The food, harvest and yield situation in Ethiopia is not sustainable at all. Even not the relief situation:
“The number of starving people will grow; the number of bags of food needed to keep them alive will grow.”
wrote Tina Rosenberg, author of the peer-pressure-book ‘Join the Club‘, in her recent NYT-blog post. She detected how to solve famine problems by famine insurances. How should this work at all? And how in Ehtiopia, our “case study?”
Well, it’s all about a food safety net. “W.F.P. had long worked with governments to give people bags of food in exchange for their labor on community infrastructure projects.” But this form of food-for-work or cash-for-work couldn’t stay sporadic any longer, because
“If farmers couldn’t count on it to be there when they needed it, they wouldn’t take the necessary risks to improve their harvests.”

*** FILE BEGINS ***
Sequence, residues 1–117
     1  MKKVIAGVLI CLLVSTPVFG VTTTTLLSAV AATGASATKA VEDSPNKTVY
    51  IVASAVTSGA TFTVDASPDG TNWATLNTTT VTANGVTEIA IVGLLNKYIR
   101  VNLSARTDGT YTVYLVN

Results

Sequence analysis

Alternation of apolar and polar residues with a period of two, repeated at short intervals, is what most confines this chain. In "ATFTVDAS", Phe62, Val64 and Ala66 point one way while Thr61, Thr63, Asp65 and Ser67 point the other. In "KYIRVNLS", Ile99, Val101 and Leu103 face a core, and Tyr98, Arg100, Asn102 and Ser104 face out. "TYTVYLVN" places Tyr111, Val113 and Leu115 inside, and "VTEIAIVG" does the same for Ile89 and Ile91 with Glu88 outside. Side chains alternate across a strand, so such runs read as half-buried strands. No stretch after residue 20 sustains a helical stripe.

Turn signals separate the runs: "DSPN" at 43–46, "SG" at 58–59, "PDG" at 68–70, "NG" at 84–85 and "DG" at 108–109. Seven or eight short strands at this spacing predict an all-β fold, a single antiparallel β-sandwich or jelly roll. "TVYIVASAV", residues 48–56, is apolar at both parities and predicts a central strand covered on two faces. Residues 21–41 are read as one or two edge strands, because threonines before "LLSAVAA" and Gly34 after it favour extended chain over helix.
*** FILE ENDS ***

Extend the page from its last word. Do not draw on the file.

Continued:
And here comes insurance, a method that people all over the world use to mitigate risks. Oxfam America staff workers spent months talking to farmers in Tigray about insurance, explaining what it was.
“The suggestion was made by a farmer,” Oxfam reported. ‘This is something I would be quite interested in,” he said, “if I could pay for it with my labor, the same way I can pay for food in the safety net.’ ”
In turn Oxfam developed and created
Similar to the the Kilimo Salama insurance program in Kenya this insurance looks to rainfall levels rather than to actual crop losses.
Read more: To Survive Famine, Will Work for Insurance by Tina Rosenberg (New York Times/Opinionator Blogs)